In a perfect world, all parents are role models who treat their children, as kids and adults, with respect. That’s unfortunately not always the case. Some kids grow up with mothers and fathers whose behavior can cause their children harm to the point of emotional abuse. And as an adult, there are some distinct
signs you had an emotionally abusive parent. While you can't go back in time and change the dynamic that was present in childhood, you can use this information to help gain back your confidence and self-esteem as an adult, as well as learn from their mistakes so you don't treat the other people in your life the same way.
Emotional abuse is behaviors by caregivers that includes verbal and emotional assault such as continually criticizing, humiliating, belittling or berating a child, as well as isolating, ignoring, or rejecting a child," psychotherapist Mayra Mendez, Ph.D., L.M.F.T., tells Bustle. "Emotional abuse results in injury to a child's self-esteem and damages a child’s emotional or psychological well-being."
These damages can linger later in life, too. A small 2014 study of 300 teenagers in
Pakistan Journal of Medical Sciences found that emotional abuse from parents in childhood was linked to mental health problems in adolescence, with the degree of mental health issues increasing the more abusive the children perceived their parents. A similarly sized study published in 2015 in the journal Child Abuse & Neglect found a link between childhood emotional abuse, and alcohol use and impulsive behaviors in young adulthood.
Parents are human, and therefore flawed, but some have deeper issues that end up affecting how they treat their children. Not all children of emotionally abusive parents will exhibit the same signs in adulthood, and relating to these signs isn’t proof that your parents were emotionally abusive. But if you have a strained relationship with your parents and think it may be a result of emotional abuse, look out for these 15 signs.
1 You Have Unhealthy Relationships With Others
It is extremely difficult to have healthy emotional relationships when the example your parents set seemed to be the opposite. If you were taught to relate to others by being passive-aggressive, manipulative, or to not get too close because you may get hurt,
this can stem from childhood emotional abuse. Relationships with parents are the first relationship you will form, and it can have a ripple effect later in life.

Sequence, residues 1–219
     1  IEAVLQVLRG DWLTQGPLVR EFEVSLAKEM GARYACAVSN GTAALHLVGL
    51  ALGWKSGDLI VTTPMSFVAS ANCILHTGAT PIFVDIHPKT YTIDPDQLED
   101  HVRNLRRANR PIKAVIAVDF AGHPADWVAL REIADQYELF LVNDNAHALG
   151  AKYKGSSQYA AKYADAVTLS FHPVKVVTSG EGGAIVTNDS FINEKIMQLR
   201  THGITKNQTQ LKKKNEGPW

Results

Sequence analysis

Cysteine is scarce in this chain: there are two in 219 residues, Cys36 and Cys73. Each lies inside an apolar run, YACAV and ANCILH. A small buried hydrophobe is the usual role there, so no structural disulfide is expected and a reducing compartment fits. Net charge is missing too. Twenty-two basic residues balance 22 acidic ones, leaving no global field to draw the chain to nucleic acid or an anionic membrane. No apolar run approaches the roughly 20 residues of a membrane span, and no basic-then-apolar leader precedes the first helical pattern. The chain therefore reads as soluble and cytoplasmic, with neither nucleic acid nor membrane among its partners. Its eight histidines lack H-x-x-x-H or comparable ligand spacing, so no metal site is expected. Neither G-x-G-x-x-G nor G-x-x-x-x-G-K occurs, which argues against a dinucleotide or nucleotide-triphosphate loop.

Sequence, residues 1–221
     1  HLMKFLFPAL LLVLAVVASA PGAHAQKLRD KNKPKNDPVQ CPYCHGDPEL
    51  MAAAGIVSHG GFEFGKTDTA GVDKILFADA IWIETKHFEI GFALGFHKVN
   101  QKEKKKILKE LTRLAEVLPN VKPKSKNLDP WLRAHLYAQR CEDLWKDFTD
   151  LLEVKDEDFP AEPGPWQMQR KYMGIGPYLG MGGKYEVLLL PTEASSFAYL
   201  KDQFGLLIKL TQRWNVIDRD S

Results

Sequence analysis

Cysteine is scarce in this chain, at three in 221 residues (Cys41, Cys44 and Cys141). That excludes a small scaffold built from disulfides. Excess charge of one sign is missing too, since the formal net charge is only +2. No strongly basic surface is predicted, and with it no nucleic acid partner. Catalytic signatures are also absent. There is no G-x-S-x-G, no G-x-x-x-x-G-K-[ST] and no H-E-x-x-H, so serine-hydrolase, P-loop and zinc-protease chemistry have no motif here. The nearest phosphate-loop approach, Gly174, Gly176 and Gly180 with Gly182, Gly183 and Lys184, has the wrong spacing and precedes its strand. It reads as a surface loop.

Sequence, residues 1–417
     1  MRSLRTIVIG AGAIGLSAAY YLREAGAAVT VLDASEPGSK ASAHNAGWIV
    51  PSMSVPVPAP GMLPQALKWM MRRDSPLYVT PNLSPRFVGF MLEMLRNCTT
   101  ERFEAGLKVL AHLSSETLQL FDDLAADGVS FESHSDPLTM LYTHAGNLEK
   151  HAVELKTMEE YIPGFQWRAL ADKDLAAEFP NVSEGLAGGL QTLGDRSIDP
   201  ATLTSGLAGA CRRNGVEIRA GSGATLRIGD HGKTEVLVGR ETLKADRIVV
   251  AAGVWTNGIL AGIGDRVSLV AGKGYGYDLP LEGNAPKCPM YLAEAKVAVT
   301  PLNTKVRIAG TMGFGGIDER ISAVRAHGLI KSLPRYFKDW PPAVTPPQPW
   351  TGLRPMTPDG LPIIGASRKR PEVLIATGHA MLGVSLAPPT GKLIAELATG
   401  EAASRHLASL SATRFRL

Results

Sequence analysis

"The ability to engage in healthy relationship patterns is informed by strength in social emotional competence," Mendez says. "When children experience emotionally abusive caregiving, trust is compromised, and the ability to engage in and maintain healthy relationships is impaired."
2 You Have Low Self-Esteem
verbal abuse growing up is not easy. If you were constantly criticized, or told you don't measure up, you might carry those messages with you into adulthood.
"Persistent exposure to belittling, berating, name calling and verbal punishment breaks down a child’s sense of competence and forms a foundation of self-doubt, self-hatred, and worthlessness," Mendez says. "Emotional abuse shatters hope, pride, and motivation. There is considerable risk of mental health challenges such as
depression or poor capacity for functional emotional regulation." 3 You Tend To Have A Pessimistic View Of Things
When you were growing up, if all you heard was
a negative outlook on things, it can be hard to see the positives. Parents who only showed you the bleak aspects of life were once again leading by example, and it's something that may still impact you as an adult. "Long-term exposure to negativity and personal attacks damages the foundation of hope," Mendez says. "A negative self-perception is created and solidified over time." 4 You Repress Your Emotions Emotional repression is a coping mechanism you may have developed in childhood to deal with the emotional abuse from your parents — if you ignore a feeling, you don't have to feel it, and you can make life more manageable under the extreme circumstances. But this coping mechanism can present difficulties later in life, as it can make it hard to relate to others.